Agencies

[Federal Register Volume 74, Number 243 (Monday, December 21, 2009)]
[Notices]
[Pages 67854-67856]
From the Federal Register Online via the Government Printing Office [www.gpo.gov]
[FR Doc No: E9-30325]


-----------------------------------------------------------------------

DEPARTMENT OF COMMERCE

International Trade Administration


Mission Statement; Agricultural Equipment and Technology Mission, 
May 25-26, 2010

AGENCY: International Trade Administration, Department of Commerce.

ACTION: Amendment.

-----------------------------------------------------------------------

Mission Description

    The United States Department of Commerce, International Trade 
Administration, U.S. and Foreign Commercial Service (CS) is organizing 
an Agricultural Equipment and Technology Trade Mission to Abuja, 
Nigeria, May 25-26, 2010.
    The Agricultural Equipment and Technology Mission is intended to 
include representatives from a variety of U.S. agricultural industry 
manufacturers and service providers. The mission will introduce the 
U.S. suppliers to end-users and prospective partners whose needs and 
capabilities are targeted to each U.S. participant's strengths. The 
mission will include one-on-one appointments and briefings in Abuja, 
Nigeria's capital, which is centrally located with respect to the 
country's agricultural regions. Trade mission participants will have 
the opportunity to interact extensively with private and public sector 
organizations in the agricultural industry to discuss industry 
developments, opportunities, and partnerships.

Commercial Setting

    Nigeria is the United States' largest trading partner in sub-
Saharan Africa, and the 17th largest trading partner in the world. With 
over $US4.2 billion in U.S. exports to Nigeria in 2008, the country 
ranks as the 50th-largest export market for U.S. goods. The United 
States is the largest foreign investor in Nigeria, with the bulk of 
investment concentrated in the petroleum sector, but also in consumer 
goods manufacturing.
    Once the leading agricultural exporter in western and central 
Africa, Nigeria's agricultural sector suffered from neglect as the 
country's petroleum sector came to dominate economic activity and 
investment in recent decades. While oil revenues grew, local 
agricultural production dwindled, giving rise to a reliance on massive 
food imports. In 2008 alone, Nigeria imported an estimated $4 billion 
worth of food, including $US930 million in grain from the United 
States. Food imports likely will increase in the future in order to 
sustain Nigeria's population of over 140 million, which is growing at 
more than 2.5% per annum.
    Faced with increasing food costs and potential food shortages, the 
Nigerian federal government initiated a program intended to revitalize 
its agricultural sector and encourage large scale commercial farming to 
create food security and employment. To this end, it set goals that 
include the rehabilitation of existing grain silos, construction of new 
grain silos to upgrade national strategic grain storage capacity to one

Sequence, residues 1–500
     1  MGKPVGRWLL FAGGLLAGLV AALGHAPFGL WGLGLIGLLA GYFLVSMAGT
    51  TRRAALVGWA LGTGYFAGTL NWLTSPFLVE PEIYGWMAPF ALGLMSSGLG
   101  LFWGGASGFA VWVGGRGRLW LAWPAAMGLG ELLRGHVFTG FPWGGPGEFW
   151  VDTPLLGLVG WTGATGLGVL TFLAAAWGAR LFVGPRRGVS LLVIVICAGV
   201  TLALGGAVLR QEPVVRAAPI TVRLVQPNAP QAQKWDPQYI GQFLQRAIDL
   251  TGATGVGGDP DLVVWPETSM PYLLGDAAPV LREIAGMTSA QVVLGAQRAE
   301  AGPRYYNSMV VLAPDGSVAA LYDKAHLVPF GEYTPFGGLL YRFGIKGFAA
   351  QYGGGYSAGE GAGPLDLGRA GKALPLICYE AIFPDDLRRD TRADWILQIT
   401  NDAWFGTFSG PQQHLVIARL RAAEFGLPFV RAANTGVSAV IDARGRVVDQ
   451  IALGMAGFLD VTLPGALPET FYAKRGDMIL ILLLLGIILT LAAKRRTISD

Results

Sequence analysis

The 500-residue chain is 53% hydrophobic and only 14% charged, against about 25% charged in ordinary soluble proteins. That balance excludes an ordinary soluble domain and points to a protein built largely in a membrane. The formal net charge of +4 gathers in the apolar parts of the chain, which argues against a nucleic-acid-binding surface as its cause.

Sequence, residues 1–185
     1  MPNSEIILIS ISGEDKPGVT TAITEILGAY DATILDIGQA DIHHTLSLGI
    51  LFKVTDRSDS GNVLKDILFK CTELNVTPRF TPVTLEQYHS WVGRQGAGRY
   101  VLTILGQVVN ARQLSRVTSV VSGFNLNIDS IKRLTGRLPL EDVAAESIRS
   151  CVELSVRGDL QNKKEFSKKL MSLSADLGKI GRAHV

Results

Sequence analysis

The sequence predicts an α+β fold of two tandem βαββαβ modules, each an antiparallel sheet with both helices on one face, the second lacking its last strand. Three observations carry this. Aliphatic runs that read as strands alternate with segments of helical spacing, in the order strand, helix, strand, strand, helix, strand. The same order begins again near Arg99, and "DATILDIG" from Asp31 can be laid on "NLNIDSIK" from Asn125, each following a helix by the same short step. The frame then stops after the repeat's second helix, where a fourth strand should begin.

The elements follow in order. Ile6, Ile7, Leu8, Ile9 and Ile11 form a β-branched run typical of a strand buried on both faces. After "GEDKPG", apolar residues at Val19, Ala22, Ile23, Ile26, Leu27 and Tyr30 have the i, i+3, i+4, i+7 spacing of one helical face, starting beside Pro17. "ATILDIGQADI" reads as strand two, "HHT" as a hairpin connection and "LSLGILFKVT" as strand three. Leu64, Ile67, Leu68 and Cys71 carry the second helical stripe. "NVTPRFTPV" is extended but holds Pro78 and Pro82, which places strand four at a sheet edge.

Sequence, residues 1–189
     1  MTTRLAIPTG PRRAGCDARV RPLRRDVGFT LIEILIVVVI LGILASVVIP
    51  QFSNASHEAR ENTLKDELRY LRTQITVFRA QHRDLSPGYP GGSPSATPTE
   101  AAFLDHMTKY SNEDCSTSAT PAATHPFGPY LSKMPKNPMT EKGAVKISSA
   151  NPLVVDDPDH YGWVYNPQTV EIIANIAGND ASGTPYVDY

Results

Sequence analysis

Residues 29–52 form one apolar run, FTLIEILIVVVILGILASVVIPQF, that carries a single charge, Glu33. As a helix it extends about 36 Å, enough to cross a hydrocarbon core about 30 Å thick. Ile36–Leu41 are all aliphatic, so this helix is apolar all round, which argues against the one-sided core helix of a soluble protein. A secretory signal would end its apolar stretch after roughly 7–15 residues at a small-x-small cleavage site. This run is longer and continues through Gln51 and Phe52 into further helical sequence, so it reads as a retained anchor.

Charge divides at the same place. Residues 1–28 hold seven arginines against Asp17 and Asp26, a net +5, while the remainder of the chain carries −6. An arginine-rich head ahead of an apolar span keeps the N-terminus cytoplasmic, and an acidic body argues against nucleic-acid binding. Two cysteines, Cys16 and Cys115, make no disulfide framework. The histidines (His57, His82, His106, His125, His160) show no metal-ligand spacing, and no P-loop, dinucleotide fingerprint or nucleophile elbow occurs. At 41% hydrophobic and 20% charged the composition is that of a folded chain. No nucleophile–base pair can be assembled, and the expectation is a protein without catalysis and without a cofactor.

million tons; procurement of over 10,000 new farm tractors; 
rehabilitation and installation

[[Page 67855]]

of irrigation systems; supply of over 400,000 metric tons of 
agricultural fertilizers; and the earmarking of a 200 billion naira 
(about $1.4 billion) in agricultural development funds for farmers to 
support these procurements. Many states in Nigeria have also started 
various agricultural projects that stand to boost demand for 
agricultural inputs and farm equipment to support mechanized farming. 
Many of Nigeria's farming activities take place in the country's 
northern region. Abuja has been selected to host the trade mission due 
to its close proximity to the northern states and the fact that all of 
the nation's federal departments and ministries are situated there. The 
city ranks among the country's safest and most organized in terms of 
infrastructure, and it is a major center of national and international 
trade.

Mission Goals

    The goal of the Agricultural Equipment and Technology Mission is to 
(1) introduce U.S. companies to buyers, joint-venture partners and 
industry representatives; and (2) introduce U.S. companies to industry 
leaders and government officials in Nigeria to learn about various 
agricultural program opportunities.

Mission Scenario

    In Abuja, the U.S. mission members will meet with officials of 
federal and state government agricultural agencies and ministries, and 
take part in business matchmaking appointments with end-users, 
commercial farmers, and private-sector organizations. In addition, they 
will attend a briefing with the U.S. Embassy staff in Nigeria. All 
Nigerian attendees participating in the matchmaking meetings will be 
pre-screened to determine their validity as well as to identify their 
business objectives for meeting with mission members. U.S. participants 
will be counseled before and after the mission by U.S. Export 
Assistance Center trade specialists. Participation in the mission will 
include the following:
     Pre-travel briefings/webinar on subjects ranging from 
business practices in Nigeria to security;
     Scheduled meetings with potential partners, distributors,